The police and the state prosecutor’s office work together to detect criminal offenses and their perpetrators. In general, if there are grounds for suspecting that a criminal offense has been committed for which the perpetrator is being prosecuted ex officio, the police must take all necessary steps to trace the perpetrator of the criminal offense, to ensure that the perpetrator or the person involved does not hide or escape, to discover and secure traces of the criminal offense and objects that may constitute evidence, and to gather any information that may be useful for the successful conduct of the criminal proceedings. For this purpose, the police may request the necessary information from persons; make the necessary searches of means of transport, passengers, and luggage; restrict movement in a particular area for a necessary period of time; take the necessary measures in connection with establishing the identity of persons and objects; issue a search warrant for the person and things sought; inspect, in the presence of the person in charge, certain premises and buildings of undertakings and other legal persons and examine certain of their documents; take a photograph of the person suspected of having committed a crime and publish the photograph, take fingerprints and a mouth swab, and do and perform other such acts and acts as necessary. The police may also summon individuals and collect information and data from them or question them. If a person is summoned for the purpose of gathering information, the police may forcibly bring them in, provided that the summons is in writing, and if the written summons contains an instruction that if the person fails to attend, they may be brought in forcibly. Furthermore, police officers have the right to refer persons found at the scene of a crime or persons residing abroad to the investigating judge or to detain them until their arrival if they are able to provide important information for the criminal proceedings.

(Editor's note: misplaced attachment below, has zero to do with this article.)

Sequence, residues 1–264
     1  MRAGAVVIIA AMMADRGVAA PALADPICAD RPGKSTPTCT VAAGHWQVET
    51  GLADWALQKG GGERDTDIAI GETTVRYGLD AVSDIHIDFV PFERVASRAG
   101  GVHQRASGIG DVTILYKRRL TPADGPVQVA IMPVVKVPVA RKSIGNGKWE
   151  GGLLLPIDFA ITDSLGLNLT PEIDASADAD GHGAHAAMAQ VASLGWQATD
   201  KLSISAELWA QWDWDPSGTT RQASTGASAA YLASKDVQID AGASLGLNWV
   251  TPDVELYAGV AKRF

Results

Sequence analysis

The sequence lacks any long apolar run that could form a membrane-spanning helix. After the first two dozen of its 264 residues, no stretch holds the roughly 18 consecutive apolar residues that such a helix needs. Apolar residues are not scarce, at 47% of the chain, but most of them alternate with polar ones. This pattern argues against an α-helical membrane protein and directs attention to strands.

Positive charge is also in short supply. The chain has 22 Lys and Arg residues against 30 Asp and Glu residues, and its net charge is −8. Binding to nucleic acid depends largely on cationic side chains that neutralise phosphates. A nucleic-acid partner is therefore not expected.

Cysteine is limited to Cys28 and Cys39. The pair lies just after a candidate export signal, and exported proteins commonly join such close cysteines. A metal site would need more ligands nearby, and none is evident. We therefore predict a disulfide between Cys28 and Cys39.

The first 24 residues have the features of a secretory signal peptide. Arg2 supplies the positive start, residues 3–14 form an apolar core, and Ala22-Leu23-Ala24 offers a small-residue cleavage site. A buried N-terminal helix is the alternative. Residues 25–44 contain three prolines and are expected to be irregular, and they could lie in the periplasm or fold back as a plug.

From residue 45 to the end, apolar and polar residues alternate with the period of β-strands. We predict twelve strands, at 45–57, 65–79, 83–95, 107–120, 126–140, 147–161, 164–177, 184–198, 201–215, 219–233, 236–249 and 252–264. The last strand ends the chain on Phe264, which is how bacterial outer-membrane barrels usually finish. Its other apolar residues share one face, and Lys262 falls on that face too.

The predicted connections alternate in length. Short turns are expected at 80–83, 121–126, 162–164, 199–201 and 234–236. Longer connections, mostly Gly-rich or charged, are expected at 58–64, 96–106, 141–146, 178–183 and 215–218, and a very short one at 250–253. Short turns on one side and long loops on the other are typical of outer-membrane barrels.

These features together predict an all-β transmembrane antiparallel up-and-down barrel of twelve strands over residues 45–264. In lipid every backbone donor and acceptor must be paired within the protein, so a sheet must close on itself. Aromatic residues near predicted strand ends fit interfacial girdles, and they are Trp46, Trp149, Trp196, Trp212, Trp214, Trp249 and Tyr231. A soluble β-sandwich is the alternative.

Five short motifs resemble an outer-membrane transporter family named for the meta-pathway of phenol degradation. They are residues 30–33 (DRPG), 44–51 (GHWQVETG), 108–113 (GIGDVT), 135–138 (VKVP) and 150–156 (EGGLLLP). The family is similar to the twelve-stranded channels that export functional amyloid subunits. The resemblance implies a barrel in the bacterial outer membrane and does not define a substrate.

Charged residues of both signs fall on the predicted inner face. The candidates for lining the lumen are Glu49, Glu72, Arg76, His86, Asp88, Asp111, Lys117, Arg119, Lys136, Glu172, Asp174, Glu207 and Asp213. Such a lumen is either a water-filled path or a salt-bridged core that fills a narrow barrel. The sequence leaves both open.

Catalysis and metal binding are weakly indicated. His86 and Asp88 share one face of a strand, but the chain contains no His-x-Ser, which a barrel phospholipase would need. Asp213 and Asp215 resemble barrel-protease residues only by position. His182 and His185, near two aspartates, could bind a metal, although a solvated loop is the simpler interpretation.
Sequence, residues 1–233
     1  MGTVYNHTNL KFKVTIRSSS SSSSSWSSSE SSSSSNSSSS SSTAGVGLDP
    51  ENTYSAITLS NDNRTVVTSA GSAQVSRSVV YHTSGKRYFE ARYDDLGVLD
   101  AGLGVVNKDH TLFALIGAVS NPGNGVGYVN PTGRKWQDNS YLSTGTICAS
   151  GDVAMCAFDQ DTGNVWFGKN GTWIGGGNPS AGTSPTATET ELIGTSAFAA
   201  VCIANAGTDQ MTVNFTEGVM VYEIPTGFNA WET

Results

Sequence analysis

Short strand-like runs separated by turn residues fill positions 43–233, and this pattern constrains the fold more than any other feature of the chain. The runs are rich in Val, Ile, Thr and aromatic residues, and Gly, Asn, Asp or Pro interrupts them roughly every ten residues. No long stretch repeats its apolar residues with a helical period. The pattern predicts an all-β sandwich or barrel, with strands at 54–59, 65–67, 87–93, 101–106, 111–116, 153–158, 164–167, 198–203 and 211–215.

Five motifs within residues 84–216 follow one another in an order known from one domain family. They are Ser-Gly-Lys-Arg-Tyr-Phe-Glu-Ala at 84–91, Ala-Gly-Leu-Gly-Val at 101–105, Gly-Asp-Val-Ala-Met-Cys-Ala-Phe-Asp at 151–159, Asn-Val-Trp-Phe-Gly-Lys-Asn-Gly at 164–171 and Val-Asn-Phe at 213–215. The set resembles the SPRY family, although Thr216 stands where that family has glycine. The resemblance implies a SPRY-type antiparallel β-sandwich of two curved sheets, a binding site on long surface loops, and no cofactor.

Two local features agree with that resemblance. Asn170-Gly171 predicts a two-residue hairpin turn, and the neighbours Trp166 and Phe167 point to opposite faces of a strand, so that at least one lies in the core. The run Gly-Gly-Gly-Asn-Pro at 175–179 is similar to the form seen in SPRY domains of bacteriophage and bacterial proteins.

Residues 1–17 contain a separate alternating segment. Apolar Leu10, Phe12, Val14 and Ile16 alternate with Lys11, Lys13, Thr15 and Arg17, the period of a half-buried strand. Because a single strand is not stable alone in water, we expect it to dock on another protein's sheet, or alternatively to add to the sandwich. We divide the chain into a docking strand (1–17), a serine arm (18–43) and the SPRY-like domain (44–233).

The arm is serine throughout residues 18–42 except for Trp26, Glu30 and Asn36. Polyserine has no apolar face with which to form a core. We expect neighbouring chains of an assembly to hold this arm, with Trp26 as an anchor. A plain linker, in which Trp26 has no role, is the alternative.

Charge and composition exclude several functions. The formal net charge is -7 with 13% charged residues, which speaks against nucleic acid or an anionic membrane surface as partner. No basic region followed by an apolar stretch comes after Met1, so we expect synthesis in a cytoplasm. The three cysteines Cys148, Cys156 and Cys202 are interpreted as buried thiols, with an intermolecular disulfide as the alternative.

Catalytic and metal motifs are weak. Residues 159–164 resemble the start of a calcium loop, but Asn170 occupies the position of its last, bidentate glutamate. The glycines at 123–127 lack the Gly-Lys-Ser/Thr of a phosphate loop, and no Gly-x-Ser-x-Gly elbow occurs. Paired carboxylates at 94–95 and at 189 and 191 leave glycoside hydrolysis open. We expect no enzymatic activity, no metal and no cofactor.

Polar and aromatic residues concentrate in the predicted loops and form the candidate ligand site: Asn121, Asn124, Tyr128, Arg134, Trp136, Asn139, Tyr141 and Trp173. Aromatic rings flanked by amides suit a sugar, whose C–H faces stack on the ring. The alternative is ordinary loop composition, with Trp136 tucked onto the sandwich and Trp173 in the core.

The police can also interrogate the suspect if the suspect hires a lawyer. Such an interrogation has full evidentiary value in criminal proceedings. Otherwise, if the suspect does not wish to hire a lawyer, the police draw up an official note, which is considered only “semi-proof” and cannot replace a confession (hearing). The state prosecutor may also be present at the hearing.